Internal carotid artery stenting for blunt carotid artery injuries with an associated pseudoaneurysm

John D Berne, Kurt R Reuland, David H Villarreal, Thomas M McGovern, Stephen A Rowe, Scott H Norwood
Journal of Trauma 2008, 64 (2): 398-405

BACKGROUND: Blunt carotid artery injuries (BCI) are being recognized and treated with increasing frequency because of improved screening protocols. Recent advances in endovascular techniques using microcoils, angioplasty, and stenting offer a new treatment strategy for those patients with traumatic pseudoaneurysms (PA) (BCI and PA). Experience with these techniques is limited because of the rarity of these injuries.

HYPOTHESIS: Early anticoagulation (AC) or antiplatelet (AP) therapy combined with carotid artery stenting is a safe alternative to AC alone for the treatment of grade III carotid artery injuries (BCI and PA).

DESIGN: Prospective cohort study.

SETTING: A rural, community Level I trauma center.

PATIENTS AND METHODS: All patients with a nonocclusive BCI and PA during a 5.5 year period from June 23, 2000 to December 31, 2005 were included in the study.

RESULTS: : Eleven patients with grade BCI and PA underwent endovascular repair. Nine patients (81%) had associated traumatic intracranial hemorrhage. AC (heparin drip) or AP therapy (clopidogrel or aspirin or both) was initiated in all patients within 48 hours of diagnosis of BCI. Time from admission to AC or AP was 21 +/- 9.5 hours (mean +/- SD). Mortality rate was 18% (2 of 11). One death was attributed to severe brain injury. The other was attributed to a stroke from the carotid injury. No patient had radiologic progression of traumatic intracranial hemorrhage on head computed tomography despite AP or AC. One patient sustained a mild embolic cerebrovascular ischemic event before stenting. No other survivors developed a stroke or any other evidence of cerebral ischemic symptoms. Two recurrent PAs developed during hospitalization and were successfully managed with an additional stent. All survivors were discharged with a good neurologic outcome. Seven patients had follow-up from 6 months to 4 years: one developed asymptomatic 50% stenosis at 6 months requiring successful angioplasty. All others showed complete healing without stenosis.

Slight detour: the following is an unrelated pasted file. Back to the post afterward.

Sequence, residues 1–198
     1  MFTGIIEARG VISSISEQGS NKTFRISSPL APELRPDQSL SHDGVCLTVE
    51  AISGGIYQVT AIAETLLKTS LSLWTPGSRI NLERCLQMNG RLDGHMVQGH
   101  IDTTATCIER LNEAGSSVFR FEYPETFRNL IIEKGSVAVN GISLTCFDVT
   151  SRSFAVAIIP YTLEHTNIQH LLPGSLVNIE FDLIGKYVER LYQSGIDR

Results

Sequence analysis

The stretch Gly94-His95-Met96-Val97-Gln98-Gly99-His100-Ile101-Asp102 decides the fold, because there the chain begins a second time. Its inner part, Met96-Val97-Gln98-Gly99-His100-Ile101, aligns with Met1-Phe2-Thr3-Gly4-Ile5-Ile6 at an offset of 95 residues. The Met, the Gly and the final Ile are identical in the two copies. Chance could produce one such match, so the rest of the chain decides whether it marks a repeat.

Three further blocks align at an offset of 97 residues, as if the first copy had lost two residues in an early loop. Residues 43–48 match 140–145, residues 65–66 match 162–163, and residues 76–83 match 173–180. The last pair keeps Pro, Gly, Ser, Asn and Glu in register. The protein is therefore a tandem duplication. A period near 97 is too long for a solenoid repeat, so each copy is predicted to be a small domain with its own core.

CONCLUSIONS: Carotid artery stenting is safe and effective initial therapy for patients with nonocclusive BCI and PA. Initial intermediate-term follow-up also fails to demonstrate significant morbidity for up to 4 years.

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